Civil Litigation

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The Differences between Criminal Prosecution and Civil Litigation

Civil LitigationIn the American legal structure, the laws and procedures are generally divided between the criminal justice system and the civil justice system. The factors that distinguish the two different legal paths include:

  • The parties—In a criminal action, the party initiating the process is always a governmental entity. It may be a local municipality, the state or the federal government. In civil litigation, the initiating party is more often a private individual, or business entity.
  • The basis for legal action—Criminal cases are always based on allegations of violation of a statute (a written law, typically entitled a “criminal code”). A civil case may allege violation of a statute, but can also be based on common law (judge made law).
  • The nature of the wrong—In a criminal action, the wrongful act is considered to be one against society as a whole. In a civil action, the wrongful act is considered to have affected only the parties who filed suit.
  • The burden of proof—In a criminal case, guilt must be proven beyond a reasonable doubt (many experts estimate 90% certainty). In civil litigation, liability must be proven by a “preponderance of the evidence,” i.e., it must only be shown that it is more likely than not that the defendant was responsible.
  • The penalties—In a criminal prosecution, the defendant may face fines, incarceration or be ordered to make restitution. In civil actions, the most common remedy is the payment of damages, although there are instances where a court can order specific performance (require that the party do what was promised).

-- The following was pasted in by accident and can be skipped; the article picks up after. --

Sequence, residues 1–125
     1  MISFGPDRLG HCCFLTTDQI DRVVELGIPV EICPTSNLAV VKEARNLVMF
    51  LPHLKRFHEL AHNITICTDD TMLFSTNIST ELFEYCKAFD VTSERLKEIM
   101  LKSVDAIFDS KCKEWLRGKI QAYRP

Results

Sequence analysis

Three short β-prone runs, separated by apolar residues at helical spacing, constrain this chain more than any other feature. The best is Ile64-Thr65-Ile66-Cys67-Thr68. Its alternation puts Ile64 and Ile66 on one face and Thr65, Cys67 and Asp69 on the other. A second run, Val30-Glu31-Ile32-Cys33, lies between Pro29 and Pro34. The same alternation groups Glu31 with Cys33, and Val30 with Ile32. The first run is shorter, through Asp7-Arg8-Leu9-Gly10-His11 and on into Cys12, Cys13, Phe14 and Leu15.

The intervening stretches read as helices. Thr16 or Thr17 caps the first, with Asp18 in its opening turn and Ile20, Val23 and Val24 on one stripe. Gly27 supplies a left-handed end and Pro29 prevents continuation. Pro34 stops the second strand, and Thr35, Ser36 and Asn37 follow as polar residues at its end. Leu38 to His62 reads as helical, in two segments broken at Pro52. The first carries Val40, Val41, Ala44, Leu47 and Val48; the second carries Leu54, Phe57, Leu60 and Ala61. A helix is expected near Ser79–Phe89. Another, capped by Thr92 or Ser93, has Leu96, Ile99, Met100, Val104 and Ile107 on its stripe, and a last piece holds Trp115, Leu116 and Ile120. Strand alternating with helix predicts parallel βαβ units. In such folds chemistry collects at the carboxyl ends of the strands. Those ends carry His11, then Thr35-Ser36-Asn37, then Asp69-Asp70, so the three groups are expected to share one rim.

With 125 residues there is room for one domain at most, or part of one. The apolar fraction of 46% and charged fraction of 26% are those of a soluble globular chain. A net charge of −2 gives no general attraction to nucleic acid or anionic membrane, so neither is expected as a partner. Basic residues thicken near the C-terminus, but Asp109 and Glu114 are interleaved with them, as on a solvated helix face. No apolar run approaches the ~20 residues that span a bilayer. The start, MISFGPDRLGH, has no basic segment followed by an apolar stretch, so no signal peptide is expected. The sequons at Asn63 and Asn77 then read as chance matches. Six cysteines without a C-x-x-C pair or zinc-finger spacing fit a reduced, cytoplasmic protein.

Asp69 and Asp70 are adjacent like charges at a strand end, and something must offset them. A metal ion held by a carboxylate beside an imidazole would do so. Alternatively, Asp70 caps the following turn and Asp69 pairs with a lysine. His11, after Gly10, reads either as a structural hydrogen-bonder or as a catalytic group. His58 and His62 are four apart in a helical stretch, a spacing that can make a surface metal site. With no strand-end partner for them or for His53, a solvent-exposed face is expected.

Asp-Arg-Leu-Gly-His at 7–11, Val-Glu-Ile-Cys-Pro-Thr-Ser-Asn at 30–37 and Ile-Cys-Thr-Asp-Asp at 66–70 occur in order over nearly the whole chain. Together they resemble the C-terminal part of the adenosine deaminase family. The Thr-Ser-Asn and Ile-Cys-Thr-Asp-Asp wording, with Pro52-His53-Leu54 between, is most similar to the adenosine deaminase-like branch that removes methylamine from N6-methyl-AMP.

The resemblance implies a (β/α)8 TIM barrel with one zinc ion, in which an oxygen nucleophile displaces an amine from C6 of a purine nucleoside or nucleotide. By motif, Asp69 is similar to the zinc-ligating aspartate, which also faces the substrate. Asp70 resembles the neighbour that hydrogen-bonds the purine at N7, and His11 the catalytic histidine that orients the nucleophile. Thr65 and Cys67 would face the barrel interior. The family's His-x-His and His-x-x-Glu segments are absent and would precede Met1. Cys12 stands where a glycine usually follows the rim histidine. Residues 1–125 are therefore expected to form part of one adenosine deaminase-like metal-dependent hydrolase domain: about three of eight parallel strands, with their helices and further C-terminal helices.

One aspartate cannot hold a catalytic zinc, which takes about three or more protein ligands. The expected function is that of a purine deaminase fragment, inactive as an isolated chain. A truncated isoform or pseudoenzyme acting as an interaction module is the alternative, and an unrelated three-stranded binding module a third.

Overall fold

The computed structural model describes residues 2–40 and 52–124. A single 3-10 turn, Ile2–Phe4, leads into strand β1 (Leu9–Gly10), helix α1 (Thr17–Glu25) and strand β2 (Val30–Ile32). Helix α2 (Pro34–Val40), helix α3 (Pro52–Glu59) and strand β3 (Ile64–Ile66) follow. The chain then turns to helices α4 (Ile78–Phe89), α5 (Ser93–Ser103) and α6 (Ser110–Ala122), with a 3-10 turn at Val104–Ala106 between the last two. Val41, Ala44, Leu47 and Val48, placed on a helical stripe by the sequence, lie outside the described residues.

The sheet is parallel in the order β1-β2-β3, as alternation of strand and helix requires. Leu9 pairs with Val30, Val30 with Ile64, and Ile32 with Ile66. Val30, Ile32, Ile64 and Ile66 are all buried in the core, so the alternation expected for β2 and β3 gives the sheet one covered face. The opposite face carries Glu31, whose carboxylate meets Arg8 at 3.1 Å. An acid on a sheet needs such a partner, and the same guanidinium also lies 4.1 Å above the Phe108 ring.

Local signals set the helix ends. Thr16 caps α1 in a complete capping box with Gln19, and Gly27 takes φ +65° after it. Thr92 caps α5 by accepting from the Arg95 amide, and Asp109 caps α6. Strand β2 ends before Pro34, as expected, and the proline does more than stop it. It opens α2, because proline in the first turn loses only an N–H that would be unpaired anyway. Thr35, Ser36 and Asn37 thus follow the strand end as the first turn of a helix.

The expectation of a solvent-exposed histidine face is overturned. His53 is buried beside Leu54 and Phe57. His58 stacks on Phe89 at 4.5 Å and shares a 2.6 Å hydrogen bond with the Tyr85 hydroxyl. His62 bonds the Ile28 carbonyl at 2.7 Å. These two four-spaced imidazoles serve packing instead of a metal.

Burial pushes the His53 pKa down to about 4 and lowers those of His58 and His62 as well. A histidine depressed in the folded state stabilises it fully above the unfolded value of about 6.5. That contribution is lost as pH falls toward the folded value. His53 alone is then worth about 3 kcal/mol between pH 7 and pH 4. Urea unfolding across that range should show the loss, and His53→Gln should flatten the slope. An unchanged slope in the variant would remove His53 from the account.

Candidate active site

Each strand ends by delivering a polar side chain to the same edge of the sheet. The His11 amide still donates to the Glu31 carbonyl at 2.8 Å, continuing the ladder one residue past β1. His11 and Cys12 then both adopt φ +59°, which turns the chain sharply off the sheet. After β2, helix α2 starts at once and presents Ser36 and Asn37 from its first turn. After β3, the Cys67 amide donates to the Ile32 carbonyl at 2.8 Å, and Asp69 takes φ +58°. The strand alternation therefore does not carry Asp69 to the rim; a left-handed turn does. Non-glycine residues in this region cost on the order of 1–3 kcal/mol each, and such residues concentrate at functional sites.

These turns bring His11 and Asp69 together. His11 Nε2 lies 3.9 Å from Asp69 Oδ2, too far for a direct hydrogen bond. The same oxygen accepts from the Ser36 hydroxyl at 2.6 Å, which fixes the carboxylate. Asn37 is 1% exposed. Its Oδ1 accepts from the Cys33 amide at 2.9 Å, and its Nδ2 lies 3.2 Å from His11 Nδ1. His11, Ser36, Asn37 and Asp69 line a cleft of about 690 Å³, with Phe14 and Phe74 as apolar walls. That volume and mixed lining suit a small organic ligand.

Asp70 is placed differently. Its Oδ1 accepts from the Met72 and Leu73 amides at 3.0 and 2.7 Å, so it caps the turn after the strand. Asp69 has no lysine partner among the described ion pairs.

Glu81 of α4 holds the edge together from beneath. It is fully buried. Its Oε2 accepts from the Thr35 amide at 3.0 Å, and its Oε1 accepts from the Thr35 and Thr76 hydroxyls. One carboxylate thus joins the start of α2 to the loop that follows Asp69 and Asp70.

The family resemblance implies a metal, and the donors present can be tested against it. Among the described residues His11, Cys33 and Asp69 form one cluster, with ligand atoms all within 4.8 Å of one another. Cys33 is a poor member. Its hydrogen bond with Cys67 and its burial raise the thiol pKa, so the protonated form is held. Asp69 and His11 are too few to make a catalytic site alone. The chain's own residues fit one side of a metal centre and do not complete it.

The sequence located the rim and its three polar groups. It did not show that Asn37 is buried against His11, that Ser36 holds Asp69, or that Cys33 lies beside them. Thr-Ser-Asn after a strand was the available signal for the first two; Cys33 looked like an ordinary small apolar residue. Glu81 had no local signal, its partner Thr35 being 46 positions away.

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Civil litigation may be filed in state or in federal court, based on the issues involved, the citizenship of the parties, and the amount in controversy. Civil litigation includes all non-criminal legal actions, including divorce, breach of contract, property disputes and bankruptcy matters.

The Civil Litigation Process

To initiate a civil suit, a party (the plaintiff) must file a complaint in state or federal court, alleging loss or injury because of the wrongful conduct of another party. Once the complaint is filed, the defendant has a specific amount of time in which to respond, or the plaintiff may seek to obtain a default judgment. Once the complaint and answer have been filed, the parties will typically engage in discovery—that portion of the process where the parties gather, evaluate and preserve evidence. The American civil justice system requires “open discovery.” This means that both sides must have equal notice of and access to all potential evidence and testimony. This is typically accomplished through depositions, where attorneys for both parties question witnesses under oath.
A party may settle a civil suit at any time during the process, even after a jury returns a verdict. Because of the overloaded dockets in the state and federal courts, judges will regularly encourage parties to consider settlement.
Once discovery is completed, the parties will typically file motions and appear in court to address such issues as potential admissibility of evidence, or dismissal of some or all claims.

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